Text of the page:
Minggu, 18 Agustus 2013

Paid Reviews

Print on demand technology has done a lot over the past 10 or 12 years to change the publishing landscape. Among other things, it has created an explosion of fee-based publishing options, small publishers, and micropresses. These ventures in turn have driven an intense proliferation of services targeted to writers, all of them intended (theoretically, at least) to offset the minimal marketing and limited distribution that's typical of POD publishing services and small presses.
Among these new writers' services (or "services," depending on how incompetent or unscrupulous the providers are) are book review services that review for a fee. Many are independent, and often run by not-necessarily-highly-qualified people--for instance, Reader's Choice, which offers an Express Review Upgrade for $45 (you can pay more if you want a marketing package as well), or IP Book Reviewers, which charges between $50 and $90 depending on length.

Other paid review services are associated with a review publication that mainly does non-paid reviews. The "sponsored reviews programs" from San Francisco Book Review and the Sacramento Book Review cost $99 to $299, depending on how fast you want your review (if you're a writer, you may have been spammed by one or both of these magazines). ForeWord Magazine offers Digital Reviews for "worthy" books that can't be covered in the magazine ($99), and Clarion Reviews for authors "experiencing trouble getting your titles reviewed through traditional outlets" ($305). And of course there's Kirkus Discoveries ($425 to $575, depending on turnaround time). To preserve the appearance of impartiality, none of these services promises a positive review (and indeed I've seen some pretty negative ones from Discoveries)--and all of them segregate the paid reviews from the rest, publishing them only online or burying them in a special newsletter.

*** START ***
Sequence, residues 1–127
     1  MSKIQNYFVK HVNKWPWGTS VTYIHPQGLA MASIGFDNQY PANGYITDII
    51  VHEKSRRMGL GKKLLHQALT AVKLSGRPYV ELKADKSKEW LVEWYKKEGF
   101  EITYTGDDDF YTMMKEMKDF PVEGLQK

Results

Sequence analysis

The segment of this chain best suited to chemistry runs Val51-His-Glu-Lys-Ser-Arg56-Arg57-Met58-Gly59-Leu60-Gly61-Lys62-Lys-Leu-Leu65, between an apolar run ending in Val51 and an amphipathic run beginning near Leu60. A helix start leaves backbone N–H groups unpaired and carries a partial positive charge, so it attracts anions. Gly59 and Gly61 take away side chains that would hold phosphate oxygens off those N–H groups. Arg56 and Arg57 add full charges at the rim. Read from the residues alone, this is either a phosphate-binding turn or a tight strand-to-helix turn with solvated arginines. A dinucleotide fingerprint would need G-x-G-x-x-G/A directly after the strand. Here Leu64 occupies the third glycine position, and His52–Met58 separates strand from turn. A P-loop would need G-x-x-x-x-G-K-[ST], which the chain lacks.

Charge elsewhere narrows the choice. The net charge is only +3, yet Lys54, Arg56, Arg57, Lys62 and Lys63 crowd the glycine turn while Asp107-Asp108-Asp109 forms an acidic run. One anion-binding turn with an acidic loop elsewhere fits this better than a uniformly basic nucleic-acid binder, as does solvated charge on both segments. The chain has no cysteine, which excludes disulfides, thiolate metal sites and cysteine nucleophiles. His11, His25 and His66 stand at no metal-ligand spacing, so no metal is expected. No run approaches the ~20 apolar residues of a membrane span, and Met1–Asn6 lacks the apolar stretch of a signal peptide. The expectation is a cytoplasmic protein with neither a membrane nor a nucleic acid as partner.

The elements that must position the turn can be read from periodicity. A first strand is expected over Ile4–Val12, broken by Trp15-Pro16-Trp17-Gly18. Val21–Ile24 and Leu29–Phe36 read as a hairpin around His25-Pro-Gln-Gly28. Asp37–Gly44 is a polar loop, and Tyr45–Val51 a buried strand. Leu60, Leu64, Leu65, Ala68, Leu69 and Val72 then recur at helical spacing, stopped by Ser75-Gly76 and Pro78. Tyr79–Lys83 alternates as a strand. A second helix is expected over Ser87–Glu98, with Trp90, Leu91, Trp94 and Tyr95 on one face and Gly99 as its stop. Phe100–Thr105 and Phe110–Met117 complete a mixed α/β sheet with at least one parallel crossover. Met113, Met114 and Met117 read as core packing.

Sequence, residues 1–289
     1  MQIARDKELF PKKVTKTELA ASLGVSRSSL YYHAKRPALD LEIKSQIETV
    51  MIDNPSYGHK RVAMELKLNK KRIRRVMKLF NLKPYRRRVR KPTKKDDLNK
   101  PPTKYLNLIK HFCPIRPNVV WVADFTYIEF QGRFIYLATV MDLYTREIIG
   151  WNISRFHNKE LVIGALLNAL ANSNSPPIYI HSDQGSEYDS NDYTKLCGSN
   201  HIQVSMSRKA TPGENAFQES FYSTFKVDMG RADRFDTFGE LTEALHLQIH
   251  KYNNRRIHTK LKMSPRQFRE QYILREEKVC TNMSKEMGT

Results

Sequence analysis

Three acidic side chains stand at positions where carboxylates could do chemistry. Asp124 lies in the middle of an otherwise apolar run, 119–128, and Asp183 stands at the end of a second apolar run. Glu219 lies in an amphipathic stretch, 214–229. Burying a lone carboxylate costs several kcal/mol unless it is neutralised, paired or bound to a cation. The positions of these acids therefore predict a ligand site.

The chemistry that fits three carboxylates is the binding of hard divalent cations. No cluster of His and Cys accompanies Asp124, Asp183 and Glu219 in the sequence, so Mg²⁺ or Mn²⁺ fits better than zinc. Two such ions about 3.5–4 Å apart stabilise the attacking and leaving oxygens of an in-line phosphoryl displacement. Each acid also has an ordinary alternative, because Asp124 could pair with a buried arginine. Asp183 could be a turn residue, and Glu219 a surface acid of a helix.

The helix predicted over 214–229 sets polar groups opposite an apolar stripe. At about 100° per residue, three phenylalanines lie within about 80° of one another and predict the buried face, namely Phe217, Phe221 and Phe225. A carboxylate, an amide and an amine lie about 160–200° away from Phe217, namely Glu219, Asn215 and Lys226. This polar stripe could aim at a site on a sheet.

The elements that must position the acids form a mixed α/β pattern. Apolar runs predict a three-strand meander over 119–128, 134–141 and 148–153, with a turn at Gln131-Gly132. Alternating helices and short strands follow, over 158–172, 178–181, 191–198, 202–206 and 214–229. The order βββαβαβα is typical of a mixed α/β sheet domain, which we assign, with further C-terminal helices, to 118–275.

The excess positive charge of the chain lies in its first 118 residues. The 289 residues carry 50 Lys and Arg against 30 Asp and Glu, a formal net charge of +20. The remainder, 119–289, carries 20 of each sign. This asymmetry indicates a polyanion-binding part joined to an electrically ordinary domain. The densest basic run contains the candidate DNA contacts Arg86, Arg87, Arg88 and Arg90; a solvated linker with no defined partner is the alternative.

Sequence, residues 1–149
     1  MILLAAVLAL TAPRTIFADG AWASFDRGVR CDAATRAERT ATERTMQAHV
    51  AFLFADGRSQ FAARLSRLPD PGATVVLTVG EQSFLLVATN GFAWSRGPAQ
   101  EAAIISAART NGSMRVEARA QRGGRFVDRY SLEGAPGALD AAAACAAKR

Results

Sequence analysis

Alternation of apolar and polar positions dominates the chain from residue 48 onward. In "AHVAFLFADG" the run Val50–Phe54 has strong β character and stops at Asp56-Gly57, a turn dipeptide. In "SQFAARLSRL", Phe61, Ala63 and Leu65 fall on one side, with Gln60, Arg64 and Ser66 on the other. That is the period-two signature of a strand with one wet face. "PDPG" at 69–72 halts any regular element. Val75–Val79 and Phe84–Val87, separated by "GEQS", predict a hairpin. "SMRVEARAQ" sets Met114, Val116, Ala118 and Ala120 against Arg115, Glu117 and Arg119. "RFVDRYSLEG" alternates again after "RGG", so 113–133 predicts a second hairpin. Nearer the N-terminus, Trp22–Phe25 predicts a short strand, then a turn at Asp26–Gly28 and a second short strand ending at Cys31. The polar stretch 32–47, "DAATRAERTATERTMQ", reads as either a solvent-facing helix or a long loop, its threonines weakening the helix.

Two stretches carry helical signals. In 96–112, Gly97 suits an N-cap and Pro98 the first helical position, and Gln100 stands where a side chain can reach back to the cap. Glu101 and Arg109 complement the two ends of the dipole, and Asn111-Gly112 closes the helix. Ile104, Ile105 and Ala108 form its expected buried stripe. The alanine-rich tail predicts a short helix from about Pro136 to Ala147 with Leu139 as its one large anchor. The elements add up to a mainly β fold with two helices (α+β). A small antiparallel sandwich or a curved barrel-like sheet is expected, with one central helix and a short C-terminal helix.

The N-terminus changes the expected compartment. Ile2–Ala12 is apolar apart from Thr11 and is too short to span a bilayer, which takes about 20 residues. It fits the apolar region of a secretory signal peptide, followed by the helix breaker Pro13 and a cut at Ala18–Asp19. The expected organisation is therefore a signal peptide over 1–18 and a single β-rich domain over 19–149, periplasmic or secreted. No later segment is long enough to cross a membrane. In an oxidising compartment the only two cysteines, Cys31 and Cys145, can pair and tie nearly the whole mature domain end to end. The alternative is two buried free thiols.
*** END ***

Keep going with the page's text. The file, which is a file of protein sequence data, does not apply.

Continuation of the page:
Is it ever worthwhile to buy a review? Not in my opinion. With independent paid review services, quality can be a problem; plus, there are plenty of non-professional book review venues out there that will review for free. With services like Discoveries, you may actually get a professional-quality review--but it will be a second-class review, stuck in some backwater on the service's website. Plus, no matter what altruistic motive the service offers to justify its fees, paid reviews are less an effort to expand review coverage to worthy books than an opportunity to make some extra cash by exploiting self- and small press-published authors' hunger for credibility and exposure